PM Modi Promises “Developed Nation” within 25 Years
Speaking in front of the historic Red Fort in Delhi, Prime Minister Modi promised to deliver on a vision to make India into a developed country within 25 years. As one of the world’s fastest growing economies, this vision would seem like it is on the way to being achieved. But the stubbornness of India’s deeply rooted poverty issues combined with a rapidly growing population are creating challenges for the nation’s economic vitality. The challenge of creating a developed nation were acknowledged by the Prime Minister, calling his vision a “big resolution”, but one which the country must use all their might to achieve. Currently categorized as a lower-middle income economy by the World Bank, its GDP per capita of only $2,601 ranks it 141st in the world, far behind its largest neighbor, China (64th), although slightly ahead of Pakistan. In order for India to classify as a high-income economy, it would have to achieve a GDP per capita of at least $13,205, representing a tripling of per capita income in 25 years (for reference, 25 years ago, in 1997, the Indian GDP per capita was $415 according to the World Bank, representing an increase of over 500%). Currently, the sixth largest economy in the world, the Indian economy is expected to grow by 7% year-over-year, which is the fastest rate of growth among all of the world’s major economies. Finally, the disparity between total economic power and per capita income could remain highly contrasted over the next decades. Experts say that India’s economy could be the third largest in the world by 2050, but their per capita income could remain far lower than the two countries their economy would be smaller than: the United States and China. Away from the world of economics, India has long been seen as a counterweight to Chinese influence in the region. Yet despite India’s highly nationalistic population and spending more than 2% of its GDP on military affairs, its strategical opportunities to counterbalance Chinese superiority may not be fully achieved in the next decades. The United States and Europe see India as a key strategic partner in the region and one part of a larger strategy to act against Chinese, Iranian, and Russian influence and power in Asia. Speaking on the occasion of India’s 75th anniversary since its independence, US President Joe Biden called India an “indispensable partner” for American interests in the region and urged India and the US to work together over the coming years to foster political and economic cooperation.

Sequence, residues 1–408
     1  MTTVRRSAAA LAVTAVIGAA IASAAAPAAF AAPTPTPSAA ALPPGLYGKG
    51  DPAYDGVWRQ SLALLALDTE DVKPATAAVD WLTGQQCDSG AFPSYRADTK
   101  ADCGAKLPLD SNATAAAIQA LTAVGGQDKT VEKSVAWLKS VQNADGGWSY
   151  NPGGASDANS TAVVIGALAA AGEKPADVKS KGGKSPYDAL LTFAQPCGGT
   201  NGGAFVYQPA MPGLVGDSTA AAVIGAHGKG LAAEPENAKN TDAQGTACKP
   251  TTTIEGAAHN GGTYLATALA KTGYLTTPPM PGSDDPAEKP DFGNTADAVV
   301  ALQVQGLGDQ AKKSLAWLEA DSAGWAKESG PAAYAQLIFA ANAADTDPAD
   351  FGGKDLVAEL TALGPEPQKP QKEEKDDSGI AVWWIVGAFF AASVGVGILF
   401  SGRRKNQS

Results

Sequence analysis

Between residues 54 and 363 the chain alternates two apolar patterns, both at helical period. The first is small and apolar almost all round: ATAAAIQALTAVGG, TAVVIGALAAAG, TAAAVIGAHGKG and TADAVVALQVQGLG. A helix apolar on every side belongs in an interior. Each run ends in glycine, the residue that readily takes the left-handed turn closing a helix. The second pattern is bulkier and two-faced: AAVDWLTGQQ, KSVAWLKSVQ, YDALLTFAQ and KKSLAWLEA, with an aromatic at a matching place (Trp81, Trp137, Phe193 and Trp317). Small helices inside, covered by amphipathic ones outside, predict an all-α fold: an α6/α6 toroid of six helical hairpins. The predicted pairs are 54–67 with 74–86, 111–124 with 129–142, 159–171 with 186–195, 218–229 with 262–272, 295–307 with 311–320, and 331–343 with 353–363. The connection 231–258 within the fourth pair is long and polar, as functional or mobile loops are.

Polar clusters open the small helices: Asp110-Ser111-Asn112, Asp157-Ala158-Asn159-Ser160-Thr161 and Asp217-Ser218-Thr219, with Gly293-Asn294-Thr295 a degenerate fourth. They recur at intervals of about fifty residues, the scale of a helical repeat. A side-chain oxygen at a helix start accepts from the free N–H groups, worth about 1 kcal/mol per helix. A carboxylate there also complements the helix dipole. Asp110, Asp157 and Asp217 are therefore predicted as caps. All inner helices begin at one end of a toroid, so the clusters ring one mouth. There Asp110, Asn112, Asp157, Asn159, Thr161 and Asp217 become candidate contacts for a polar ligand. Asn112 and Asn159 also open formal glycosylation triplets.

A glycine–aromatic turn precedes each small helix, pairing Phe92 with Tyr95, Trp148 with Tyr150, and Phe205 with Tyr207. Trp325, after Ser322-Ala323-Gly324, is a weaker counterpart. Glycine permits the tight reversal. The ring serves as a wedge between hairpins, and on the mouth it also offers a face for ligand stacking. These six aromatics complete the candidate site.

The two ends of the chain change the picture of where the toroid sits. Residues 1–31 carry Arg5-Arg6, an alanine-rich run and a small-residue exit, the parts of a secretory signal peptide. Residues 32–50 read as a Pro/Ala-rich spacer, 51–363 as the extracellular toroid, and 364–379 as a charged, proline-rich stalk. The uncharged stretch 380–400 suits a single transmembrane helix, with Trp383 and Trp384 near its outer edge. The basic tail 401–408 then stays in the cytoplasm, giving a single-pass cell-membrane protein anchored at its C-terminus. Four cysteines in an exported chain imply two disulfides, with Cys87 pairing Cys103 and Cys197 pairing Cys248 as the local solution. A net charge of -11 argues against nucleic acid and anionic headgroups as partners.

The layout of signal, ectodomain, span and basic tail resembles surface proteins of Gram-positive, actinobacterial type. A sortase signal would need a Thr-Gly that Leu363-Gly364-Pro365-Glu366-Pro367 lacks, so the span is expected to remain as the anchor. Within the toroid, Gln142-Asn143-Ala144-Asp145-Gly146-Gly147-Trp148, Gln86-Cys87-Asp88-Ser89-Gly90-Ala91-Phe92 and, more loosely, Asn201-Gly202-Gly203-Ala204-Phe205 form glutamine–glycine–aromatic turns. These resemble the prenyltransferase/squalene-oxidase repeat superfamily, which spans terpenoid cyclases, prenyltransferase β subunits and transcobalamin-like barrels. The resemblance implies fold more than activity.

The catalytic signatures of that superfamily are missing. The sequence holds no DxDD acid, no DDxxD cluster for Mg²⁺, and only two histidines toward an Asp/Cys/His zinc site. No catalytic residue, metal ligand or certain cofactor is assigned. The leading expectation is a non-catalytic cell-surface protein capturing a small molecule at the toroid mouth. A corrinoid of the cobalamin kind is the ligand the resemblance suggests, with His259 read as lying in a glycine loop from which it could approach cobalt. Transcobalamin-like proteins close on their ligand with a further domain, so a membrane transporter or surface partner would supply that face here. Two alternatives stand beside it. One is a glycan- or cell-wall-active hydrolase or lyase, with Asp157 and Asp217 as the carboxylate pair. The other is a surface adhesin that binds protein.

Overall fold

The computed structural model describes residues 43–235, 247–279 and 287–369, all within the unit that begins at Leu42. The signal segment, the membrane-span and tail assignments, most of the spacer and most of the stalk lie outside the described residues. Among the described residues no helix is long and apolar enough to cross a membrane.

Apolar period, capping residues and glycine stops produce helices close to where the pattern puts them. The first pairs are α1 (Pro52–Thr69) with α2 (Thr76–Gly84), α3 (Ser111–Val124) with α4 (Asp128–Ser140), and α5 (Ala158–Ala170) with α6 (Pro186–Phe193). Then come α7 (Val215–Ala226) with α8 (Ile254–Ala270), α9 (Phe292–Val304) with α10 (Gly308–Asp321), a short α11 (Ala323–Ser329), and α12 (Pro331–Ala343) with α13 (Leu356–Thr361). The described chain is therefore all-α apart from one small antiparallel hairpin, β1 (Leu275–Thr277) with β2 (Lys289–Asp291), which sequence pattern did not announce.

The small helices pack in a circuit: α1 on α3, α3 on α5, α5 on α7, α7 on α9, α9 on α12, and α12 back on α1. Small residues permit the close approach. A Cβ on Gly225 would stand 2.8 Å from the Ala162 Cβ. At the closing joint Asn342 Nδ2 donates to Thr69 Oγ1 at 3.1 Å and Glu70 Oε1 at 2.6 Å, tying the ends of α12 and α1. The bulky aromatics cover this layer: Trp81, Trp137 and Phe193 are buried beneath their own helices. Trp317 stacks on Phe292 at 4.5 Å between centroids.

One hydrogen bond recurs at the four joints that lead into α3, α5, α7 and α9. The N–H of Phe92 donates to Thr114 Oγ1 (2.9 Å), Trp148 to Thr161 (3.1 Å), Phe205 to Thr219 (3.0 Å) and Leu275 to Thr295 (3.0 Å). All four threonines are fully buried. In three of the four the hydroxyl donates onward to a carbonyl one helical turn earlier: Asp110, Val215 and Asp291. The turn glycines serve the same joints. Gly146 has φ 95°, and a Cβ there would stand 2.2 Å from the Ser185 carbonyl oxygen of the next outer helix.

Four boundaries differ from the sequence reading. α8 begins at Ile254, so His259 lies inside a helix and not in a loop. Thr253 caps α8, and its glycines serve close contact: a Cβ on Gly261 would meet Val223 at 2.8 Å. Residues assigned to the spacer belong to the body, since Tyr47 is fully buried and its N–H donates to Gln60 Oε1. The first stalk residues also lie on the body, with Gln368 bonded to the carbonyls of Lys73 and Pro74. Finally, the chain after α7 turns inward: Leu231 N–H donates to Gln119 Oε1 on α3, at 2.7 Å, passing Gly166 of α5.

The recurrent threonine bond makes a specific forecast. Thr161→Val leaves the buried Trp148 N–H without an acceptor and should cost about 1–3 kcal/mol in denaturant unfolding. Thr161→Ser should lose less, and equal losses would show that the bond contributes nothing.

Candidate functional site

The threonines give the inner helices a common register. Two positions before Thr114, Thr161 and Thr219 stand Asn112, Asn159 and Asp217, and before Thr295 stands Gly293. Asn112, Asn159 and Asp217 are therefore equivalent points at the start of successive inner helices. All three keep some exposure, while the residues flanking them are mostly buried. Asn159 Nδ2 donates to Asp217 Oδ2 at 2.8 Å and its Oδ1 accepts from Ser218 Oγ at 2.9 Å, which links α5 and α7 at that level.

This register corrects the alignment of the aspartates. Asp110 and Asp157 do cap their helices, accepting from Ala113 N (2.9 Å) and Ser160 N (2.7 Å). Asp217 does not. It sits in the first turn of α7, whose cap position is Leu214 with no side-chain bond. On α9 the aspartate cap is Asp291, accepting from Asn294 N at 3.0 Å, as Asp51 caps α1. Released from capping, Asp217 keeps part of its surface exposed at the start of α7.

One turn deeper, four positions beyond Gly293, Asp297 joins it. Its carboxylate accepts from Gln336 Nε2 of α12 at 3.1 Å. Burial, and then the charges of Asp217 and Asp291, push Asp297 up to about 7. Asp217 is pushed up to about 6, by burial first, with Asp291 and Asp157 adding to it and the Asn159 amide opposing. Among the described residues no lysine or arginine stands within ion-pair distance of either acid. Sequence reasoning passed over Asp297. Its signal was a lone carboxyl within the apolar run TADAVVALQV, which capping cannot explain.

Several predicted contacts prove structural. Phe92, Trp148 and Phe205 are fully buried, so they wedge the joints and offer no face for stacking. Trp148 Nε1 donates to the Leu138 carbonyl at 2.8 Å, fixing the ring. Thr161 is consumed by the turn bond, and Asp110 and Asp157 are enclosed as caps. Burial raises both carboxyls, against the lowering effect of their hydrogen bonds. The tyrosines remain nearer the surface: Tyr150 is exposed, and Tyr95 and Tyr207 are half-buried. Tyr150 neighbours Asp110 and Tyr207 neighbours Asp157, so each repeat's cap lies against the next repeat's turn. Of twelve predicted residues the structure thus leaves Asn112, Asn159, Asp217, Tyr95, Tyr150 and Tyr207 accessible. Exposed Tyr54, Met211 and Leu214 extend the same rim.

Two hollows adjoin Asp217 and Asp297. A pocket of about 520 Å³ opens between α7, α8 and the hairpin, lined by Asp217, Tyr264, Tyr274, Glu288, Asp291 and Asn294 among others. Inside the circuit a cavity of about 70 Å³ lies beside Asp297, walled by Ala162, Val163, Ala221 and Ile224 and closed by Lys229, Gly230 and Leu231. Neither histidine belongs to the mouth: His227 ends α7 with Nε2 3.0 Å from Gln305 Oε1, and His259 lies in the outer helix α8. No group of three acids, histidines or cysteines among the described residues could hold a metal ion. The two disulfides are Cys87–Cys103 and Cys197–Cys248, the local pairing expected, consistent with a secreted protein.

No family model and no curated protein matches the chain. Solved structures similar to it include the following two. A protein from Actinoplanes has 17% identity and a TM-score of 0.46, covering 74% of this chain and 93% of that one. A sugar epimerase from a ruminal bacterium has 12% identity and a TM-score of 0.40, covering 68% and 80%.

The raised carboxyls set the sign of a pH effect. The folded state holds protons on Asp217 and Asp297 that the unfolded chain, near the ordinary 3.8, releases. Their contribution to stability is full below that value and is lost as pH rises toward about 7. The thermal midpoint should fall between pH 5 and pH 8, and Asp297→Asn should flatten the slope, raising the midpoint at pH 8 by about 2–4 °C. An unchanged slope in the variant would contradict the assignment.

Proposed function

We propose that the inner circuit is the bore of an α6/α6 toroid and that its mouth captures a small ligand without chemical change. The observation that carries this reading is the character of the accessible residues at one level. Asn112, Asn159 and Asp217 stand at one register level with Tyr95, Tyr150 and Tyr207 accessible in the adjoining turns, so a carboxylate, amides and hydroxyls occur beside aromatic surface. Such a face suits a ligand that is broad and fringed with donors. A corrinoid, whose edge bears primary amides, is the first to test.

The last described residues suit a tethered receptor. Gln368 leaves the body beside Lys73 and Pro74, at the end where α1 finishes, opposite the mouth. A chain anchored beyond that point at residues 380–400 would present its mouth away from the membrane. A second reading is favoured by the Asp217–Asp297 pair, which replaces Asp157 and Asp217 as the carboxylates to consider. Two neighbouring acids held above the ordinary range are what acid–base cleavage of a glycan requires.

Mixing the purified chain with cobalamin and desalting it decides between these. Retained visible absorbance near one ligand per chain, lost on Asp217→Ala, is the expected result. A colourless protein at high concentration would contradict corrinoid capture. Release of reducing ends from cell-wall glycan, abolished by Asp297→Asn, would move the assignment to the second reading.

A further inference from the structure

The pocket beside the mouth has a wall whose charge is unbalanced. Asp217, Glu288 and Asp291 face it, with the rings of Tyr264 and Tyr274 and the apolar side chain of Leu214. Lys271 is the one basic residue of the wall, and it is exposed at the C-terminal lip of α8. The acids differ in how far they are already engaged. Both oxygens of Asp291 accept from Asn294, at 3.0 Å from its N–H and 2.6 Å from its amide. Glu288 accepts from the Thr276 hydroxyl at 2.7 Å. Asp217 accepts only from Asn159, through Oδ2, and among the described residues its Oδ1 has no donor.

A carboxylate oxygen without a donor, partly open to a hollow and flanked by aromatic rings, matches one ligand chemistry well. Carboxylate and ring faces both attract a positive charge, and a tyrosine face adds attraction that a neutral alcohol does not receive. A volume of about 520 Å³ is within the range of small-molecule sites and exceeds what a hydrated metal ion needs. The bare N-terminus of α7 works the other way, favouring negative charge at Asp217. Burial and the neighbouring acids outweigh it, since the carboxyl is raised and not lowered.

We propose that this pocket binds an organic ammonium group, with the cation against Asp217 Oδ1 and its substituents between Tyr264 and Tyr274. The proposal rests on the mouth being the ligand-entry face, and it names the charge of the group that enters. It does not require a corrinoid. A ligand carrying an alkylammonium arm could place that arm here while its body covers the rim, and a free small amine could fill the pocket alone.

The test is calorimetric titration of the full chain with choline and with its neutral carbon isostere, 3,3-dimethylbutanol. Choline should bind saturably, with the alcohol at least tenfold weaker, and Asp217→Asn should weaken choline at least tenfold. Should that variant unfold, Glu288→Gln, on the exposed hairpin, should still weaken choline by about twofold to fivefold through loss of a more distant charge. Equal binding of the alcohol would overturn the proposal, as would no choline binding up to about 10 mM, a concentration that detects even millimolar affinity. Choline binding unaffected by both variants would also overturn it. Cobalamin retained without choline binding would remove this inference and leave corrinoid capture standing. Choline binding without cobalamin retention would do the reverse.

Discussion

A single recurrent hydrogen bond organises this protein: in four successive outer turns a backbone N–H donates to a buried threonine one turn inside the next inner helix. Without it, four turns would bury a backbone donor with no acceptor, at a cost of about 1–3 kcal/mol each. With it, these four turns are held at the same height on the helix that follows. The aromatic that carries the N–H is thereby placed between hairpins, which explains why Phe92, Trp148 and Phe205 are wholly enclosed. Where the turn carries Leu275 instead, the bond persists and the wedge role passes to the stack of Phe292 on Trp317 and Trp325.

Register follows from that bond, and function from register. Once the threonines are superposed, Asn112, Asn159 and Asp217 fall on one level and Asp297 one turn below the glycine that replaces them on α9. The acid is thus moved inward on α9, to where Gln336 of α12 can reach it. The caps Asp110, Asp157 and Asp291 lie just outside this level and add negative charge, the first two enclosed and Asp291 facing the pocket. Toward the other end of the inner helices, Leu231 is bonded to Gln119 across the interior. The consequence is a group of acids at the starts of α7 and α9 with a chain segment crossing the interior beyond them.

Over the past 75 years, India has found it hard to breakthrough on the world’s stage, but since the 1990’s, the country has undergone economic liberalization and grown its regional influence to become a possible superpower-in-waiting. Under the rigid leadership of a populist leader, India has many domestic issues to solve before it can turn its attention to being the democratic counterweight in Asia which so many in the West have laid their hopes upon.